Hugs and keep up hope because we are the only ones to transmit that to our kids!
     
  4. Wiped Out

    Wiped Out Well-Known Member Staff Member

    Hugs Vickie!

    I do so understand. Taking difficult child to the grocery store is a recipe for disaster. While he doesn't melt he does get angry, swear at me, and starts "bumping" into me, etc...

    I also understand about looking "normal" on the outside. My difficult child also is planning on college. Right now he is functioning at about 1st or 2nd grade academically. My difficult child is also starting high school next year. Should be an interesting few years.
     
  5. Thank u all for responding. I feel a bit better, my friend showed up this morning and we had a great venting session and even went out to lunch. Soooo helpful to vent to those who "get it". She also has adopted and bio difficult children.

    I love all the suggestions you guys are really wonderful. I will try the 3 items only and see how that works.

    Hugs and thanks, Vickie
     
  6. JJJ

    JJJ Active Member

    Vickie,

    With regards to playing NCAA ball, you will need to check her classes against the approved list at the NCAA Clearinghouse. Most of the lower level special education classes are not approved.

    Here is a link where you can look up her high school and the classes she will have to see if they are approved.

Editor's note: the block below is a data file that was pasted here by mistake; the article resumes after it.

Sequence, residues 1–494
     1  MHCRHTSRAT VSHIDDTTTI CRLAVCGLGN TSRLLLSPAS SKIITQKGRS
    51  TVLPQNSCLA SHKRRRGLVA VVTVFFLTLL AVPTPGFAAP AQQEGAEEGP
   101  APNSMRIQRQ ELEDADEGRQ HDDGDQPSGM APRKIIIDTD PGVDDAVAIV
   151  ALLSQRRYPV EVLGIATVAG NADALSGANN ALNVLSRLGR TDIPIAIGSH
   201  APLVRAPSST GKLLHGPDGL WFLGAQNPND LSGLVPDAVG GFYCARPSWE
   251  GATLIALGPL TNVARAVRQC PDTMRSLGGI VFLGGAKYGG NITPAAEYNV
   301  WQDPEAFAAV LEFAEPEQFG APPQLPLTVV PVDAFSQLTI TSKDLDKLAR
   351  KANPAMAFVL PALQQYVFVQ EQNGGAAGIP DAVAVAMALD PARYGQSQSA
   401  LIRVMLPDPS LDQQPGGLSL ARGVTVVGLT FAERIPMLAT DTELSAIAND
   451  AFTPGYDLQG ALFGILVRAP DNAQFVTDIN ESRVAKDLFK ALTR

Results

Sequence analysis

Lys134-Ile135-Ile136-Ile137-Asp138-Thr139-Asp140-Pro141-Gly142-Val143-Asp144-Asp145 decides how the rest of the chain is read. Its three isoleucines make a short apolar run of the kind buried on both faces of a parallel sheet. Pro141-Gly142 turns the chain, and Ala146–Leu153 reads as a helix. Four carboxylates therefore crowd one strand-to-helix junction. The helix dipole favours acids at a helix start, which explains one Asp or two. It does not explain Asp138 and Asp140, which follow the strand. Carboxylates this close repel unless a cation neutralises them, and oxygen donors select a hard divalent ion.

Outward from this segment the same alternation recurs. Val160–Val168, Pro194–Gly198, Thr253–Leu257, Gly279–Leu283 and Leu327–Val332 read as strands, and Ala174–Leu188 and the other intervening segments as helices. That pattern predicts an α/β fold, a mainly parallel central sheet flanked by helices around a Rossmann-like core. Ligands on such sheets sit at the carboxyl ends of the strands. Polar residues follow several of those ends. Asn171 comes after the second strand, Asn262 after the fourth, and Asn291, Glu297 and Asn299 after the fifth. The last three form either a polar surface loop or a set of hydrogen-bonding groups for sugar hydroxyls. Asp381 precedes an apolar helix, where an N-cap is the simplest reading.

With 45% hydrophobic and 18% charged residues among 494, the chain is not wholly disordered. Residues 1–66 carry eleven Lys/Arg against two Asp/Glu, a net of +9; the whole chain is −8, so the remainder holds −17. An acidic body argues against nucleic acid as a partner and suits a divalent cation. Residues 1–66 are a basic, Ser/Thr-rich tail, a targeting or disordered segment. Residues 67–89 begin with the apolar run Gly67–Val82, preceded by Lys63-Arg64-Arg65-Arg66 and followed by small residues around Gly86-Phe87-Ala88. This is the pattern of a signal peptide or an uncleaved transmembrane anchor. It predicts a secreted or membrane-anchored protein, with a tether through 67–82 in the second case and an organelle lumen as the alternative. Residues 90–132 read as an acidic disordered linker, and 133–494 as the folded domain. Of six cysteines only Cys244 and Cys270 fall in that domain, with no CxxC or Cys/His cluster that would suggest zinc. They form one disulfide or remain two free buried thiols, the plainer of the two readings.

https://web1.ncaa.org/hsportal/exec/hsAction?hsActionSubmit=searchHighSchool

    Playing NCAA Athletics takes more than extrodinary talent and unbelievable work ethic. It also takes getting good grades in the right classes and getting the necessary ACT score.

    I have some experience in this area, if you want more info, just send me a PM cause I don't want to bore the rest of the board :)
     
  7. JJJ, thank u for that link! I will print off the info for her school and make sure this is an option. Thank u so much! I will hit u up for more info soon! Hugs, Vickie
     
  8. Marguerite

    Marguerite Active Member

    We have a variation on the three items thing. We always shop with a shopping list and stick to it. The kids learned that if they want something they need, such as shampoo or deodorant, it has to go on the list. We have allowed them to ask for the list to write it down, but that is bending the rules. Once we enter the tore, technically even once we leave home, e should not allow this. The purpose - while we are at home, we can go and check to make sure we really need it, and not be buying extra. For example yesterday I remembered I had used a can of beans and could not remember if I had replaced it or not. So I bought another can, then when I got home realised I HAD previously replaced it. So now we have two cans of beans where I only needed one.

    If the child wants something (as distinct from needs something) and we need to focus on reward, we allow ONE item to a certain value. We agree on this ahead of time, so it doesn't look like us giving way to an impulse. I also use the child in the supermarket to go find this, or fetch that. It keeps them too busy to focus on the crowds and bustle.

    Marg